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The next day was to be a Berlin Wall day – or morning anyway. We were headed for the Gedenkstatte Berliner Maur. A sort of Berlin Wall Memorial Park. We arrived at the Nordbhanhof station where there was a fascinating exhibition detailing what were known as the “Ghost Stations” of the underground rail network. Several lines began and ended on the western side but passed through stations in the east. As you can imagine these were prime escape targets and the exhibition detailed not only the extraordinary escape attempts but the extravagant lengths the DDR went to, to block up these routes. The idea of sitting on train to suddenly emerge into a deserted, derelict station patrolled by heavily armed soldiers was chilling

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The park is along Bernauer Strasse where the wall ran along its length. A little history to set the scene. When the DDR was founded in 1949 it immediately suffered from a mass exodus of its population seeking the wealth and success in the west. By the 1960’s the effect was becoming catastrophic. 3.6 million people had fled leaving the DDR with no skilled workforce and on the brink of collapse. They acted swiftly and decisively.  On the night of the 13th August 1961 they began rolling out barbed wire and effectively sliced the city in two pretty much overnight. Over time it was strengthened with concrete slabs and a whole range of protective measures that became “The Wall” that we are all so familiar with. It was 112km long and eventually two walls with the death strip in between. Protected by lighting, armed guards, dogs, electronic counter measures, it was notorious and fearsome in equal measure.

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The park does a superb job of presenting the wall and how it might have looked (very little of it actually remains, about 2km in total, mostly in the East Side Gallery) as well as memorials and presentations of what life was like in those dark times

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These vertical iron bars I originally thought were reinforcements for the wall but in fact they mark the line of the wall creating the effect of a barrier you can look through

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When the wall was built here it ran right down the middle of the street. Neighbours and families were separated, some never to be re-united. The lights in the photo below are the original ones that used to light up the death strip

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This is the Window of Remembrance for many of those who lost their lives trying to escape. The youngest was six years old

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Let me share just one of these tragic stories. On August 17th 18-year-old Peter Fechter was shot, wounded and left to bleed to death as the East German guards looked on. Those same guards that prevented escapes were usually rewarded, commended and promoted. Hundreds of people died trying to escape, over a hundred at the hands of the border guards directly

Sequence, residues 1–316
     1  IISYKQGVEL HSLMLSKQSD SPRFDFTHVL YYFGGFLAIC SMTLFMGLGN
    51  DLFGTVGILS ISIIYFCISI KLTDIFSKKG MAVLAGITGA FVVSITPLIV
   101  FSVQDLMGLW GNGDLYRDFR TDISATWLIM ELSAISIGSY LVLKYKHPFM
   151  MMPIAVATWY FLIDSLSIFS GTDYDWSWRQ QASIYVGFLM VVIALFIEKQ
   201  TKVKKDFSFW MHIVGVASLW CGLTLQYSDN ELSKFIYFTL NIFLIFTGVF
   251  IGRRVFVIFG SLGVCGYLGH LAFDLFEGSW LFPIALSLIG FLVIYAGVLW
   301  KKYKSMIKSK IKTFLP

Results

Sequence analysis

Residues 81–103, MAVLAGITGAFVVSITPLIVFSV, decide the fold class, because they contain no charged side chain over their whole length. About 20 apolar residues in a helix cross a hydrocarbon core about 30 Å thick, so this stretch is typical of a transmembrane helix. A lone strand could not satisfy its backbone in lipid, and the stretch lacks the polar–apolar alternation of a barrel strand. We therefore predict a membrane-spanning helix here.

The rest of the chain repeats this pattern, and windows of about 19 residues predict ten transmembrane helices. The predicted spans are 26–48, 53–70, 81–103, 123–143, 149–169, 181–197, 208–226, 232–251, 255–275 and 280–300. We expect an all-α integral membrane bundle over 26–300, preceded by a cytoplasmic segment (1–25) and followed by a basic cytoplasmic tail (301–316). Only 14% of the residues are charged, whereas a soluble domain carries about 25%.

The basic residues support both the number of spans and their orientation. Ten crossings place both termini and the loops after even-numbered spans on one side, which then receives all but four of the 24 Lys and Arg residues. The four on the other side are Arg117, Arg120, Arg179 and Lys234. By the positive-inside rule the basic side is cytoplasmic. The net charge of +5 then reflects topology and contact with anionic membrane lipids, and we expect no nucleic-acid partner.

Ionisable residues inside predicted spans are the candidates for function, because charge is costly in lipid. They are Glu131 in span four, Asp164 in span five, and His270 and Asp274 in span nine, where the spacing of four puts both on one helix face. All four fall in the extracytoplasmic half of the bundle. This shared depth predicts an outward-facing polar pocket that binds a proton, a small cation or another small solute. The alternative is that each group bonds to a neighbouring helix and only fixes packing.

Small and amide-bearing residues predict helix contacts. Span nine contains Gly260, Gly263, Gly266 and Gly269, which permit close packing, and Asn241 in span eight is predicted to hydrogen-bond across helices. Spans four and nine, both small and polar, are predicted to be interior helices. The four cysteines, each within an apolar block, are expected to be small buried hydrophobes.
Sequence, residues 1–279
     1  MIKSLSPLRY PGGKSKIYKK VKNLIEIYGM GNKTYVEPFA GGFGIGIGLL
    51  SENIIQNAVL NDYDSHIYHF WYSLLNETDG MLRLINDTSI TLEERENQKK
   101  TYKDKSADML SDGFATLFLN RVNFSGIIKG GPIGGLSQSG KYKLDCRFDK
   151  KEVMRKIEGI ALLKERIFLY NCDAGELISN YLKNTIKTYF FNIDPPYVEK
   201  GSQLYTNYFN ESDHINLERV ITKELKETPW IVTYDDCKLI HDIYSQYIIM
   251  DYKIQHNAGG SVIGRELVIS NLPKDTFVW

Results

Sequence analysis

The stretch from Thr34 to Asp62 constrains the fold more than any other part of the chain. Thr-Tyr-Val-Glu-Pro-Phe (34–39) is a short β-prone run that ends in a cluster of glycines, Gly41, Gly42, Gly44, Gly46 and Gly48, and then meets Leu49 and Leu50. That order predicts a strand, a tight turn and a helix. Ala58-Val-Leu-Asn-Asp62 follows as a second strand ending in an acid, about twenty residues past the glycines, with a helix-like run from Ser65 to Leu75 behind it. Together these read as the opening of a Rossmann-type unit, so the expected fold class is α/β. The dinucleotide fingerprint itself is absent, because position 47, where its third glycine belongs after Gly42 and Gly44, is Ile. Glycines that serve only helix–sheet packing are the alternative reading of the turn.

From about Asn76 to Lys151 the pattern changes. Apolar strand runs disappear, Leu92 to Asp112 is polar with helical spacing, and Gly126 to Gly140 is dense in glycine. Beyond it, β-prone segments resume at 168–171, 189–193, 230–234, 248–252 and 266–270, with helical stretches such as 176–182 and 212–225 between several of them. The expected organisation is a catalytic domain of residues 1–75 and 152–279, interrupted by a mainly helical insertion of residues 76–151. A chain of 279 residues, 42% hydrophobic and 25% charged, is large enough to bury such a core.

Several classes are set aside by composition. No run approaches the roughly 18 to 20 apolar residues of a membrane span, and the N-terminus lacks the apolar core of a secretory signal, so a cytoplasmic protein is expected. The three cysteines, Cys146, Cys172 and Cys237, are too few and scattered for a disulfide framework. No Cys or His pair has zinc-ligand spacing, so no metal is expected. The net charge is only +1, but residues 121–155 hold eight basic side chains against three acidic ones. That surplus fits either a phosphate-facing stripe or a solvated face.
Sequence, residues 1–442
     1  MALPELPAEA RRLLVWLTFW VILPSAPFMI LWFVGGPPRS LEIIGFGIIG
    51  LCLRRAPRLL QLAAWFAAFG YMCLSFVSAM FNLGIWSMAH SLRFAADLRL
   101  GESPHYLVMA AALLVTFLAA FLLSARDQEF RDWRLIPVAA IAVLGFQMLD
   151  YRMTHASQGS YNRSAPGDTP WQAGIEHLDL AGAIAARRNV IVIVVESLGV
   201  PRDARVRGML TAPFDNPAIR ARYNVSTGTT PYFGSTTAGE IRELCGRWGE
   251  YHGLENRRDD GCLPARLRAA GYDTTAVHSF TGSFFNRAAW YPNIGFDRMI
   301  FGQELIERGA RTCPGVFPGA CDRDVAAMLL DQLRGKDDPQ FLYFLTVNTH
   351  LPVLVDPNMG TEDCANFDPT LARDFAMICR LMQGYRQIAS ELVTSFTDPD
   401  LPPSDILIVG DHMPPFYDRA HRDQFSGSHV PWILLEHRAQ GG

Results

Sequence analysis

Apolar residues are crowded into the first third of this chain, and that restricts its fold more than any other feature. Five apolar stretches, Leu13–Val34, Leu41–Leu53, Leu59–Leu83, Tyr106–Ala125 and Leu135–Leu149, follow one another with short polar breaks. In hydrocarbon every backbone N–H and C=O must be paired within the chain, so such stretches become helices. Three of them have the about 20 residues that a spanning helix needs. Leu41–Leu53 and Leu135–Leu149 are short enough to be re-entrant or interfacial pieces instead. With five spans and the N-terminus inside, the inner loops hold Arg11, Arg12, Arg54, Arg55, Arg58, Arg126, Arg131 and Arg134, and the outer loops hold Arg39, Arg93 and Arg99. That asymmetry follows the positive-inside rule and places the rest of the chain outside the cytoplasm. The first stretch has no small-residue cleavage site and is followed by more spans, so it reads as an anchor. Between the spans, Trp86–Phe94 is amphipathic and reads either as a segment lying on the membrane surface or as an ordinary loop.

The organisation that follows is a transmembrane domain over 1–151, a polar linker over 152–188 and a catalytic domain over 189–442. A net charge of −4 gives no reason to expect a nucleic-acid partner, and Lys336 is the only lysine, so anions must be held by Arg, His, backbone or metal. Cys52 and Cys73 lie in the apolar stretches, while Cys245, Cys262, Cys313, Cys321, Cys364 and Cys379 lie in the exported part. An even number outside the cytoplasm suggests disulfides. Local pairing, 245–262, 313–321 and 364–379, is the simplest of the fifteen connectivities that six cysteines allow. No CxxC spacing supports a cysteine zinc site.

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The atmosphere is now one of peace and solitude. The green space was once a cemetery torn up to build the wall

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There is an excellent visitor centre packed with fascinating material about the wall. There is a roof terrace where you can gaze out across where the wall once stood. There is a small section left as it would have looked when the wall was in force complete with Watch Tower

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This poignant statue epitomises both the sorrow and reconciliation of the wall and its eventual demise

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It stands near the Chapel of Reconciliation built on the site of a church that was destroyed to make way for the expansion of the wall. We are all aware of the story of the wall from pictures and news footage. What I was never truly aware of was the sheer brutality and callousness of what it did to a society. It will take generations for that pain and suffering to subside to a level of tolerance but I have to say the authorities have made a very good job of documenting what happened in an open and respectful way

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The wall came down almost abruptly as it went up. After the exodus accelerated with Hungary opening its border with Austria providing another escape avenue, the mass protests on the streets began, culminating in half a million people attending a mass protest in Alexanderplatz on the 4th November 1989. 5 days later in a live TV broadcast a government spokesman announced that travel restrictions to the West were to be lifted. When asked when he looked a little uncertain and, while shuffling his papers, announced “As far as I know, immediately” (it was supposed to be the following day but no one told the poor chap). The rest is history as overnight, literally, Berlin became whole again.